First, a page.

Utilities see the writing on the wall.  Some create rate structures or fees that disincentivizes renewable energy.  Others create long term contracts with high energy users in order to keep them as customers.  All of these measures work in the short term, providing temporary solutions to a growing problem.  As renewable energy technology becomes ever more accessible to the mainstream market, however, the inevitability of increased adoption means these sorts of rate recovery protection attempts will fail, eventually.

If you want to support our efforts to introduce decoupling to New Mexico, please support us here.

Go to part 2:  Why decoupling?

 

Green tech jobs on the upswing in New Mexico

New Mexico joins 8 other states in MONEY magazine that shows green tech as the “hottest up-and-coming job” in the state.  In New Mexico, solar panel installation employment has been projected to increase 25% between 2017 and 2019 with a mean salary of $42,920.  MONEY’s study identified the fastest-growing occupation in each state, and for New Mexico, solar panel installer wins the number one job.

This just adds to the argument that renewable energy is New Mexico’s future economic gold mine.  Add smart policy that encourages the adoption of renewable energy through tax incentives, utility decoupling policy, and PACE (a program that makes solar accessible to everyone by attaching installation costs to a property’s taxes) means New Mexico can look forward to a growing economy and rank first in the nation for something good!  New Mexico has long been recognized as one of the best states in the nation to install solar, so by removing roadblock to progress, New Mexico can rank first in the nation for green tech job creation.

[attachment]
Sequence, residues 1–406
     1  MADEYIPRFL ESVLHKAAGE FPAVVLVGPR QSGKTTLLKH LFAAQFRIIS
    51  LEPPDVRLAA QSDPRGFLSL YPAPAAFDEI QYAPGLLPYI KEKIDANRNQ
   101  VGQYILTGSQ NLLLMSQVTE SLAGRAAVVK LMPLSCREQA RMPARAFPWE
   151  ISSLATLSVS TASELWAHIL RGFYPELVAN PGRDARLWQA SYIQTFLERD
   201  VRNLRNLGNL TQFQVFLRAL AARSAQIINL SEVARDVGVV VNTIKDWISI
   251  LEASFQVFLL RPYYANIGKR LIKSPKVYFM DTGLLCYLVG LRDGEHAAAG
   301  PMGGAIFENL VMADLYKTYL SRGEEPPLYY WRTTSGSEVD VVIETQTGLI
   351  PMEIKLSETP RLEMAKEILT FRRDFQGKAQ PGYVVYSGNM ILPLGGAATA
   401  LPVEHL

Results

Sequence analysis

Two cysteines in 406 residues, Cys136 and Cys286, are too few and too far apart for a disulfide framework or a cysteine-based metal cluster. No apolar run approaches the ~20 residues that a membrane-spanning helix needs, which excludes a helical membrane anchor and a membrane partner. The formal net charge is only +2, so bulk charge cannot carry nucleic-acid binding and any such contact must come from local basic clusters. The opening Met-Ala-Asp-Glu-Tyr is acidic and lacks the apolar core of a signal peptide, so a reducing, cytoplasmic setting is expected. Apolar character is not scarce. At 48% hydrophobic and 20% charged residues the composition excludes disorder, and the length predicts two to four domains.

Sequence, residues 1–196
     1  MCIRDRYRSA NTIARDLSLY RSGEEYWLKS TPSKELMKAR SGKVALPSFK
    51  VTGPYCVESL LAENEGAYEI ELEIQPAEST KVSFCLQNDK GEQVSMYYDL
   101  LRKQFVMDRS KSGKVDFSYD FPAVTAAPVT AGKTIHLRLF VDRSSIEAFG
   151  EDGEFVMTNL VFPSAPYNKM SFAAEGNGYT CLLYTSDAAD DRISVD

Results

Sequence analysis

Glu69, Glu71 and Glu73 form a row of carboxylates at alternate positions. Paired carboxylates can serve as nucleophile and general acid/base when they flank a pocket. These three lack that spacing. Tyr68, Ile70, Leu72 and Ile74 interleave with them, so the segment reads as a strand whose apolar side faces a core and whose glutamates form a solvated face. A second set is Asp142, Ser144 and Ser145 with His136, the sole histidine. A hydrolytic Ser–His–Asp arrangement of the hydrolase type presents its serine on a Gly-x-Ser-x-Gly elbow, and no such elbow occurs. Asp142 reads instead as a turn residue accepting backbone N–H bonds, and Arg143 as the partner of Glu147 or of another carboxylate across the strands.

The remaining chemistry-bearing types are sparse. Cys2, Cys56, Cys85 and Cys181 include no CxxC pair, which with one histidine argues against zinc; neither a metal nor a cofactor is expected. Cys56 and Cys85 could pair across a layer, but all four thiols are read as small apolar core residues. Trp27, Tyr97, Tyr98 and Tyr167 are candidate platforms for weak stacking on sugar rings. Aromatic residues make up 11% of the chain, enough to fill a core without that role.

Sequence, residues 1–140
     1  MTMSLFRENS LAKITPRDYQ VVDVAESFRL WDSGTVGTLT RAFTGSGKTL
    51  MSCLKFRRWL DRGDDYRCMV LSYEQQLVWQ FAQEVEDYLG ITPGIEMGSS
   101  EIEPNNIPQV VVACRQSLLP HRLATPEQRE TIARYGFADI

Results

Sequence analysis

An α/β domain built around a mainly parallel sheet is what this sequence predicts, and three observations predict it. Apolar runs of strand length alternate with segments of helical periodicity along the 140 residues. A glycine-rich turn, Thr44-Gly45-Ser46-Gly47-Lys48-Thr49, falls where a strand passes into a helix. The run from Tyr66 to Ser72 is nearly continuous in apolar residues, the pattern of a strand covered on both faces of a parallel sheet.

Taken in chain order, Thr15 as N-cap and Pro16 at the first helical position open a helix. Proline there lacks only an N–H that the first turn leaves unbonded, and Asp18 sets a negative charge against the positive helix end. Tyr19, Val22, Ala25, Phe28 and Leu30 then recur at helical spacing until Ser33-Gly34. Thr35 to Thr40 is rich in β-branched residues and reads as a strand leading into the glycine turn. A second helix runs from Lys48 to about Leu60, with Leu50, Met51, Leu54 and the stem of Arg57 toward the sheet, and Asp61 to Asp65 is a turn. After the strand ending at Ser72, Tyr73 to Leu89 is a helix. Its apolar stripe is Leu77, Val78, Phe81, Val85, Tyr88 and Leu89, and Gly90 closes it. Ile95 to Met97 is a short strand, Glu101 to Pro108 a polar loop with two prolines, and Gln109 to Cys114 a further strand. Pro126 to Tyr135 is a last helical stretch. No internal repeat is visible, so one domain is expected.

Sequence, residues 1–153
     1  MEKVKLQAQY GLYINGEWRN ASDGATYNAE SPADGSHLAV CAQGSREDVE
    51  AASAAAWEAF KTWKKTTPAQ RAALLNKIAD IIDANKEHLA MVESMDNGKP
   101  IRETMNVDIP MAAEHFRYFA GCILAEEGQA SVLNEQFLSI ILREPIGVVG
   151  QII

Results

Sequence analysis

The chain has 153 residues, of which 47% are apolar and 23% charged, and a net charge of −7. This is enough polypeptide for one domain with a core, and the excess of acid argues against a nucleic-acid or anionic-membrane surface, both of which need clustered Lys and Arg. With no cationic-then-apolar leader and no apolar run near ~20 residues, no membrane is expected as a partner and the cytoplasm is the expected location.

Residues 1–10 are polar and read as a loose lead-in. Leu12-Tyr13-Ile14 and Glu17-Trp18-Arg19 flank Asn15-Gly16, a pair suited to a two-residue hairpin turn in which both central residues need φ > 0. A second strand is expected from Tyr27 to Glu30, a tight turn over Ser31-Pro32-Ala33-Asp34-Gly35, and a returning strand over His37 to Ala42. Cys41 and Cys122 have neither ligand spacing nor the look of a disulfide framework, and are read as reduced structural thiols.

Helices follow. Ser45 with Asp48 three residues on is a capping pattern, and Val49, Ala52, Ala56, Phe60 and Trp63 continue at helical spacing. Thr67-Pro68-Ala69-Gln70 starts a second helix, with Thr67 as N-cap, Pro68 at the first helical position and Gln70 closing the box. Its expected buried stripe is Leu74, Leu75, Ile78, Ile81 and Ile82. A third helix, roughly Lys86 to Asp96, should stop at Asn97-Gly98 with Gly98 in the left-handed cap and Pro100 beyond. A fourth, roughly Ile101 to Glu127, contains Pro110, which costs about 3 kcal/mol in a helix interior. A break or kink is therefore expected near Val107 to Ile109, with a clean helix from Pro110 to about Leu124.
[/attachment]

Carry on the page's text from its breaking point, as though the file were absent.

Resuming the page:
PNM shares 2017 Interconnection Data

PNM interconnections
2017 Interconnection Data now available–compiled by Alaric J. Babej, PNM Technical Program Manager, Renewables

PNM has shared their interconnection data as requested by members at our annual meeting.  Despite the elimination of the state tax credit, 2017 was another record year for the total number of interconnections through PNM with a total of 3529 interconnections, almost 25 MWdc installed.  Congratulations New Mexico Installers!

EXECUTE PNM AGREEMENTS FASTER:

As you may or may not know, PNM has made progress in energizing their document processing procedure.  Please check out the Docusign System.  It’s important to provide PNM with your customers valid email address in order to keep this process moving smoothly.